Although I'm watching a surprising amount of Disney Channel these days it's mostly the cartoons, even the ones I've seen plenty of times before. They've got plenty of live-action shows; I just don't like any of them, what with not being maybe ten and pretty easily amused. But they put together something or other featuring The Muppets, and I'll certainly give them a try at least.
I don't know exactly what it was I was watching, but it was some sort of interaction between The Muppets and various characters from The Suite Life Of Those Two Guys and Some Other Disney Live-Action Thing. I think the premise was supposed to be that they were talking backstage about how they would put on a show in which the Muppets interacted with the characters ... I know this sounds confusing, but I could process that, I think, in about the same way I understand how every episode of The Jack Benny Show on radio consisted of them remembering what happened a few days ago as they tried to rehearse The Jack Benny Show. The important thing was Kermit pretending to be the hotel manager while Miss Piggy and that spoiled girl made endless demands.
I don't think I was thrown by the fact the Muppets don't have the same voices they had in the 70s. Who has, after all? It was the pacing which threw me: there were very obviously pauses being left in for where the audience should roar with laughter, but absent a laugh track the result was dead air promoting a sluggish feeling. Also distracting me was realizing that the Muppets were acting, more or less, like that had been doing around the time of The Muppet Show, but that's a program that current ten-year-olds probably have never seen, or maybe only seen when their parents forced them to sit through the DVDs. Perhaps the subtleties of the Kermit/Piggy relationship don't take that much time to grasp, but does it baffle kids to see these shows where these Muppets obviously know one another in way more detail than the usual guest stars to the stuff they actually like do? Has a kid today got a fair chance at understanding Gonzo?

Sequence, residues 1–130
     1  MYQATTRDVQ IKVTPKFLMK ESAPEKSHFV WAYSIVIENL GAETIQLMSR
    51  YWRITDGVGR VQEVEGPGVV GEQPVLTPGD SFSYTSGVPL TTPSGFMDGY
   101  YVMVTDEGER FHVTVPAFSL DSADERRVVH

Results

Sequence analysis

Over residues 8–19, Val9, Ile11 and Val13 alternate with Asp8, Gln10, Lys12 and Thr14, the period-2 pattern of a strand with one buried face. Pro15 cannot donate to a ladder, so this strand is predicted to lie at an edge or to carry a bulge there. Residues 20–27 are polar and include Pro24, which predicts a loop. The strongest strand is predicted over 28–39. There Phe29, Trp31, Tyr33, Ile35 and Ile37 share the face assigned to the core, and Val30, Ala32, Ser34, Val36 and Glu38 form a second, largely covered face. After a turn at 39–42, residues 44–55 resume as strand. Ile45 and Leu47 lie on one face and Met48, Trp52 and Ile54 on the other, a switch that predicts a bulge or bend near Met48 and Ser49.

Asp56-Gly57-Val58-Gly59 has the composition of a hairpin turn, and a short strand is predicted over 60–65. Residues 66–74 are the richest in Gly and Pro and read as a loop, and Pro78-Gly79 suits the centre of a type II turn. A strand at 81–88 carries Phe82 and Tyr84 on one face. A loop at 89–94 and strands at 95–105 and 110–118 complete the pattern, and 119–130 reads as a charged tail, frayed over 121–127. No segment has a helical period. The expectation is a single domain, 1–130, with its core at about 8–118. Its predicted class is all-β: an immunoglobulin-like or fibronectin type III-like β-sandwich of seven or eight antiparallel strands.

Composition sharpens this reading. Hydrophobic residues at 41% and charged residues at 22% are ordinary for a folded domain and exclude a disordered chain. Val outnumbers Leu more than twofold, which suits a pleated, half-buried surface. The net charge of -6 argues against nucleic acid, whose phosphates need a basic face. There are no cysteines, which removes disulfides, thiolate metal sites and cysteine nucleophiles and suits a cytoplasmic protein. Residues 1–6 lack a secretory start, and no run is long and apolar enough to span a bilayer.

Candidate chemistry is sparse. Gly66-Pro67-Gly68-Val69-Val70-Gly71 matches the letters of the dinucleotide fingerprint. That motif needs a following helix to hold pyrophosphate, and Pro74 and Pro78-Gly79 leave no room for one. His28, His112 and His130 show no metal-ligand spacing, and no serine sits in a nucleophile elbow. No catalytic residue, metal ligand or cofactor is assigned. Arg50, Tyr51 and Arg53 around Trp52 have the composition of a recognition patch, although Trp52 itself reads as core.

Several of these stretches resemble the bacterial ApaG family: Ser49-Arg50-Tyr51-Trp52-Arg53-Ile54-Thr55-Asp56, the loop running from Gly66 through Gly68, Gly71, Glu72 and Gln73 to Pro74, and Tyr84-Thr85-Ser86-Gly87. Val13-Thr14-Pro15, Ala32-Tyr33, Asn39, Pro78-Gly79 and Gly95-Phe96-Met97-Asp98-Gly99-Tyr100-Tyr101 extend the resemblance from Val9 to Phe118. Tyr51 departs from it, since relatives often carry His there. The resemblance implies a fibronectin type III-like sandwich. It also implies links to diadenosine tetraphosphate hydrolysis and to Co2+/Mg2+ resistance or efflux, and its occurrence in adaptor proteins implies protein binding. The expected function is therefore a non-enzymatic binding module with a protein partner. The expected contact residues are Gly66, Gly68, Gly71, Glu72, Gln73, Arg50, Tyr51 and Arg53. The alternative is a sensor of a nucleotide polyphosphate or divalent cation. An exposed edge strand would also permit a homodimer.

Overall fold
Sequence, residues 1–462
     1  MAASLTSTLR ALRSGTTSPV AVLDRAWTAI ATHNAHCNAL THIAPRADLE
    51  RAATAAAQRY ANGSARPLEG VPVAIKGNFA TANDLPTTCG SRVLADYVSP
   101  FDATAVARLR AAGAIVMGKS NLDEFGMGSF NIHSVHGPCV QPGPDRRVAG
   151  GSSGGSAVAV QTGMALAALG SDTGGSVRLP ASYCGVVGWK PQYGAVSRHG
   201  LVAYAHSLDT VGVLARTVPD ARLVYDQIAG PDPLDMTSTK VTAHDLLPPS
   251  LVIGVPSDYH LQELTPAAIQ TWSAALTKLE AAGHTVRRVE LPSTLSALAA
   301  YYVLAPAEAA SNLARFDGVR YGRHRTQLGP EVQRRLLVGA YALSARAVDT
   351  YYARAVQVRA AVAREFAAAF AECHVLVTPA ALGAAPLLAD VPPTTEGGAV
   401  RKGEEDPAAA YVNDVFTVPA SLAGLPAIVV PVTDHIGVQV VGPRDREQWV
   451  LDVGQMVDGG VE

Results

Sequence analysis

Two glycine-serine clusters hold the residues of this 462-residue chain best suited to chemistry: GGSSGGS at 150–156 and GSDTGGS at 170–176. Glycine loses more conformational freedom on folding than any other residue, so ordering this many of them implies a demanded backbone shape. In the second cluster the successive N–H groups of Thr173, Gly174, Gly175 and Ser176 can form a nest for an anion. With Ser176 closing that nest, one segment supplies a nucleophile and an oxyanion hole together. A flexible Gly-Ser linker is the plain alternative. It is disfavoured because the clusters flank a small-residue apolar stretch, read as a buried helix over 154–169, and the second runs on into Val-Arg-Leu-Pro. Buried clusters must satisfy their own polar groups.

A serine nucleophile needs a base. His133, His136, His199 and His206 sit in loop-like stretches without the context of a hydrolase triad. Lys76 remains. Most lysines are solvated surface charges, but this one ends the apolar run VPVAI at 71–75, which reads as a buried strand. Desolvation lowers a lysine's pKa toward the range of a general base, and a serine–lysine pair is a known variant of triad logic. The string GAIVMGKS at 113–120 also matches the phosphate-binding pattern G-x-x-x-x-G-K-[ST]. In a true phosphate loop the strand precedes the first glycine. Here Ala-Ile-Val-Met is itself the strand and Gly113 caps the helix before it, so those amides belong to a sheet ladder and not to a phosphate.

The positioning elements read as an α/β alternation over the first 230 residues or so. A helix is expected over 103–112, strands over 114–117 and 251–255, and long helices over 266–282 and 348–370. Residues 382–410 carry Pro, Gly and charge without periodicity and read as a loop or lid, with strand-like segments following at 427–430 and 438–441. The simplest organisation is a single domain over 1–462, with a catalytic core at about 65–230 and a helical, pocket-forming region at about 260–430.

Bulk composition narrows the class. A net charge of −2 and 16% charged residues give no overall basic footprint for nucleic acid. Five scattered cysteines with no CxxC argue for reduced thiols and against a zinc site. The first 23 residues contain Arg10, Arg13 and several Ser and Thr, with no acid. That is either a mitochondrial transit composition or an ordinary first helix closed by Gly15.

Trivia: The film which researchers Charles Batchelor and W K L Dickson presented to Thomas Edison on 6 October 1889, showing the results of motion picture photography, consisted of Dickson greeting his employer back from his trip and saying ``I hope you are satisfied with the kineto-photograph''. Sound was provided by a simultaneously started phonograph. Source: Edison: A Biography, Matthew Josephson.
Currently Reading: Bloom, Wil McCarthy.